Toward the end of 2019, Lucía, a mom of two, began experiencing significant stomach pain. She couldn’t eat. When she did eat, she would throw up. She lost weight and generally felt awful. Eventually, the day after Christmas, she ended up in the emergency room, where, after some tests, she and her husband, José Vicente, were shocked to discover lesions on her bones: She had stage IV gastric cancer.
“We were so surprised; it wasn’t even what they were looking for,” recalls Lucía. “My husband and I knew first-hand about the quality, mission, and the culture at Dana-Farber through colleagues and friends, and we soon got connected with the gastric center.”
From the first day they met Dr. Matt Yurgelun, Lucía and José Vicente were blown away. “He is a very positive person and it poured over to us, too,” Lucía says. “Even though we know we’re dealing with a great challenge, we know we are in great hands.”
“I was blown away at how humane the culture at Dana-Farber was, from the parking lot to the exam room,” says José Vicente. “Culture is not the values you write on the walls, it’s in the interactions you have every day.”
Soon after Lucía began treatment—few of which José Vicente was able to attend, due to COVID-19 visitor restrictions—the pair learned just how rare and aggressive her cancer was, and how little funding it received. Even with proper preventative care, Lucía’s disease had been difficult to identify.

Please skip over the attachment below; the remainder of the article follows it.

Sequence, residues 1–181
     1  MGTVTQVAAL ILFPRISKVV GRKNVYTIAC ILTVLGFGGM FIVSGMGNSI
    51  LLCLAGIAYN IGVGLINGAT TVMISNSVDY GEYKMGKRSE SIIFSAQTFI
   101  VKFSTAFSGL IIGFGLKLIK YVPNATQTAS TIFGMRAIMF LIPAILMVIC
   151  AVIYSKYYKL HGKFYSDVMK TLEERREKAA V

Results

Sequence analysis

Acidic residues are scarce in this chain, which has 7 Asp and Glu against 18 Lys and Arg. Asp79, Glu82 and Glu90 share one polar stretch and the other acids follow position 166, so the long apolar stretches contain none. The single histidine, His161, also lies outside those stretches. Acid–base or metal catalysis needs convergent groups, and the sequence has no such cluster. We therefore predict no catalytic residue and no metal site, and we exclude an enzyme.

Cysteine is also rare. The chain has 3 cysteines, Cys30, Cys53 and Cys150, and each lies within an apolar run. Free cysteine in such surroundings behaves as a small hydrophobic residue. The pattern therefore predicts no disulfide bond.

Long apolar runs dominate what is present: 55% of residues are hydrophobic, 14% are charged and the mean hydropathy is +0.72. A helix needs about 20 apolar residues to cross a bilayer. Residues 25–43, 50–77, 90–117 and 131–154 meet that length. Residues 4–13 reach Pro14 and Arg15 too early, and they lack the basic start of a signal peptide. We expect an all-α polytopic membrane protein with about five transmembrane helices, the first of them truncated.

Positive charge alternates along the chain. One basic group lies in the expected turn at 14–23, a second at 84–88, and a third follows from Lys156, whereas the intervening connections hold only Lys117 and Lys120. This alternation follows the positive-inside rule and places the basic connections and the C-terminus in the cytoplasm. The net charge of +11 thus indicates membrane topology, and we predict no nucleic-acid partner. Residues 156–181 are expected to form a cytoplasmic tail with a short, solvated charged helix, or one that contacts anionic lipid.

“Knowing how stubborn the cancer can be moved us a lot to give back and help further fuel research on why the cancer becomes resistant,” Lucía explains.
To help improve care for patients like Lucía, the pair, together with friends and family, started a fund to support immunotherapy research for the disease, and to support Dana-Farber’s patient navigator program.
“Patient navigators give you the information and language about cancer that is digestible to the patient and the family,” José Vicente says, noting how much he and his wife benefitted from these resources when talking to their children about Lucía’s cancer. “It is a program everyone would benefit from, and we really wanted to support that.”
Today, Lucía is still undergoing regular treatment for her cancer, which will be a long journey, but she wouldn’t change a thing. She sometimes refers to her chemo days as “spa days” because of the level of care she receives, and beyond treatment, she has leaned on her support system, meditation, nutrition, and faith to maintain a positive outlook. This fall, her support system was out in full swing, with friends and family from around the world joining her (virtually) for the Boston Marathon® Jimmy Fund Walk: Your Way to support her and other gastric patients to come. “The balance between care and research, and the culture, is hard to find,” Lucía reflects. “It’s hard to find amazing minds and amazing care, and at Dana-Farber, we found both.”